St. Louis Zoo elephant Ellie pregnant

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by Press Release

KMOV.com

Posted on March 15, 2010 at 5:24 PM

The Saint Louis Zoo has announced that Ellie, one of its Asian elephants, is pregnant. She is 38 years old. This will be her third birth. Her daughter, Maliha, will turn four years old on August 2, 2010. Her 14-year-old daughter Rani is also pregnant.

The Zoo's bull elephant, 17-year-old Raja, is the father of both babies. He was the first Asian elephant ever born at the Zoo in 1992, and this calf will be his fourth offspring. An elephant pregnancy lasts about 22 months. Ellie will be due to deliver in late summer 2011. Rani will deliver in mid-summer 2011.

"We are looking forward to this pregnancy," says Curator of Mammals Martha Fischer. "Ellie has proven to be such a good mother, and we are optimistic that everything will go well. We have already begun to prepare for both deliveries," adds Fischer. "We are developing exercise plans with stretches and exercises specifically designed to get these elephants ready for the rigorous delivery," Fischer said.

A newborn elephant weighs about 250-350 pounds. "Both elephants are receiving regular prenatal and ultrasound exams by the veterinary team. Soon we should be able to determine the gender of both babies with blood tests."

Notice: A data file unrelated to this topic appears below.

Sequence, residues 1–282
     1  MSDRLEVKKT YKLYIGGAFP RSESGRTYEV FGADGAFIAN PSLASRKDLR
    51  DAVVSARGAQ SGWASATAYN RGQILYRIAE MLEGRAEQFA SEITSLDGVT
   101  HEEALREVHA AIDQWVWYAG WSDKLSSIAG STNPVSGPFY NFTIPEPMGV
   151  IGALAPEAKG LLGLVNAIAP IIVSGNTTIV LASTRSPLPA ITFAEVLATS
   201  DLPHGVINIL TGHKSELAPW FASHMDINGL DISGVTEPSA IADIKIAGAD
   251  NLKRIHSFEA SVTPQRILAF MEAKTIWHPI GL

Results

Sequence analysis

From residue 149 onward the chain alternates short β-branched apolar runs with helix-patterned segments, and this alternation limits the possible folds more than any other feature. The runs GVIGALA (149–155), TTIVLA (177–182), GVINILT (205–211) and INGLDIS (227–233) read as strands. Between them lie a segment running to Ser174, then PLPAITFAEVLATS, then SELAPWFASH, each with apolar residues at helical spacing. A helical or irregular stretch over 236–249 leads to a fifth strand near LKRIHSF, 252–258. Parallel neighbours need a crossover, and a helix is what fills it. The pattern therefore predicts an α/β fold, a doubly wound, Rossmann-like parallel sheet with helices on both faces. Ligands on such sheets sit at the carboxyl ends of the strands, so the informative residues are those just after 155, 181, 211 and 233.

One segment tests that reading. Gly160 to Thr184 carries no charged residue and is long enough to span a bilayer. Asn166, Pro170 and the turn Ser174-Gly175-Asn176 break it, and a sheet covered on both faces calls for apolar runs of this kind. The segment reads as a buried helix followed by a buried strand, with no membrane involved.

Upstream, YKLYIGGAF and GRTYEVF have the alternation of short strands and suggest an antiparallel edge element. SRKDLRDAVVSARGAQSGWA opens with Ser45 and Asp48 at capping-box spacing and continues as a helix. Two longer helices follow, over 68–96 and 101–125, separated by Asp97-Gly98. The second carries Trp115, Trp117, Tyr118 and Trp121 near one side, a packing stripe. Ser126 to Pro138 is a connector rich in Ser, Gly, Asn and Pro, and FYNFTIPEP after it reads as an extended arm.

Ellie lives with Maliha, Rani, Jade and the rest of the elephant herd at the Zoo's River's Edge habitat. She and Rani arrived at the Saint Louis Zoo in 2001 from the Jacksonville Zoo, where Rani was born in 1996.

Both elephant breedings were recommended by the Association of Zoos and Aquariums Elephant Species Survival Plan, a national cooperative breeding and management program.

There are fewer than 35,000 Asian elephants left in the wild, and they are facing extinction. Given the shrinking population of Asian elephants, the Saint Louis Zoo is committed to conserve this species. Also, the Zoo supports the welfare and conservation of Asian elephants in Sumatra, Sri Lanka and other countries in Asia through the International Elephant Foundation, as well as the conservation of African elephants in Kenya.

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